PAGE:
RAIN: When it rains in the Tropical areas, it really rains. This picture was taken on Saturday, and shows the spectacle from cockpit during a rain shower. We could only see a few meters! But, a few minutes later, the sun was shining from the blue skies again.
The canal transit went incredibly smooth, and both the personnel, the pilot and the system are very professional. We transited together with two other yachts, Kira from Germany, and an American yacht. All yachts are required to have four line handlers, to assist with the lines needed to harness the boats inside the lock chambers. We were able to get Jacques from France, his lovely wife Sandra from Colombia and Clifford Vaughs from Boston to assist us. Cliff has transited the canal roughly 30 times already, and both Jacques and Sandra have transited several times before. So we were probably one of the most experienced crews (except for us two) to transit. It was a relief for us to have such an experienced crew onboard.
BALBOA: Underveis has reached the Pacific! We are currently moored in Balboa, where we are provisioning and preparing for the passage to the Galapagos islands. We are feeling completely intoxicated these days, and that is only because we realize that we are in a different world ocean.
Galapagos next
We had to stay anchored for several hours in the Flats (The area just in front of the canal at the Atlantic side.) before we were given a pilot, but after that everything went very smoothly. We transited the Gatun locks at around 2100 hours, and went up into Lake Gatun where we moored for the night. We were all very tired, and after only one cold beer, we all fell asleep. The next morning we woke up early from the screams of the monkeys in the jungle. We set off at around 06.30 and motored the approximately 28 nautical miles through the lake and to the Pedro Miguel lock. A great trip, with an overwhelming nature and animal life. We didn’t see any alligators, even though they exist in great numbers there. Lake Gatun is really a rainforest that was irrigated almost 100 years ago, to provide water for the canal. But still today, trees and branches stick out of the water, and straying from the marked channel is said to be a very dangerous thing to do.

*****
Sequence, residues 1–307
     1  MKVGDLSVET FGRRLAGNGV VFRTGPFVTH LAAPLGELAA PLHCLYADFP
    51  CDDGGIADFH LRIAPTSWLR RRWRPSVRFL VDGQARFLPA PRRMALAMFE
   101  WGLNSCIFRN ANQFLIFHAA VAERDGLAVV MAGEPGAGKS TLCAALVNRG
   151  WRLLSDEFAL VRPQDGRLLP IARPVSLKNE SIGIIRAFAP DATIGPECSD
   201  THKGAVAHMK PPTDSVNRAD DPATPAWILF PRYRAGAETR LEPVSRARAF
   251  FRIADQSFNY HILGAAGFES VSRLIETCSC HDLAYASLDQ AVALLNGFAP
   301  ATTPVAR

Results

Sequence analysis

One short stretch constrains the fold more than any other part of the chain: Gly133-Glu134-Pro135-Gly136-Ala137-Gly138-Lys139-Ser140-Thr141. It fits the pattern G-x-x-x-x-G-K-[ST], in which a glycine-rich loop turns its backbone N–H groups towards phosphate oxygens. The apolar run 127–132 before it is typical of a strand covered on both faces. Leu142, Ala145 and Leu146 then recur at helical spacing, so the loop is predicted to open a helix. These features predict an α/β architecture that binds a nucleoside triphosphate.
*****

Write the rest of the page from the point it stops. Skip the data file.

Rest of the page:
Later in the day we reached the Miraflores locks, where many of our readers correctly spotted us go through on web camera at approximately 13.02 Norwegian time (19.02 local time.), on Saturday, as a part of a raft consisting of three yachts tied together. We were in the Pacific! Now we have traversed not only a world ocean, but a continent, too. In Colon the tide was around 30 centimeters, here in Balboa it is 4,5 meters, with the strong current to go with it. As we speak, we are moored at the Panama Canal yacht Club, and things are great. We are stocking up, have sewn and installed a sunsail, bought a new spare anchor and fixed a number of bits and bobs. We have been social, and met a very pleasant Panamenian-Colombian family that we visited in Colon, and they have visited us. By the way, Panama City and Colon have been haunted by violent riots in the past few days, and the police have shot a demonstrator. So the mood is very tense here in Panama for the time being, and we have had some limitations as to what and where we have been able to go for a few days. But now things seem to be calming down. We will set sail for Galapagos just over the weekend, a passage of some 950 miles. Boy, are we looking forward to that!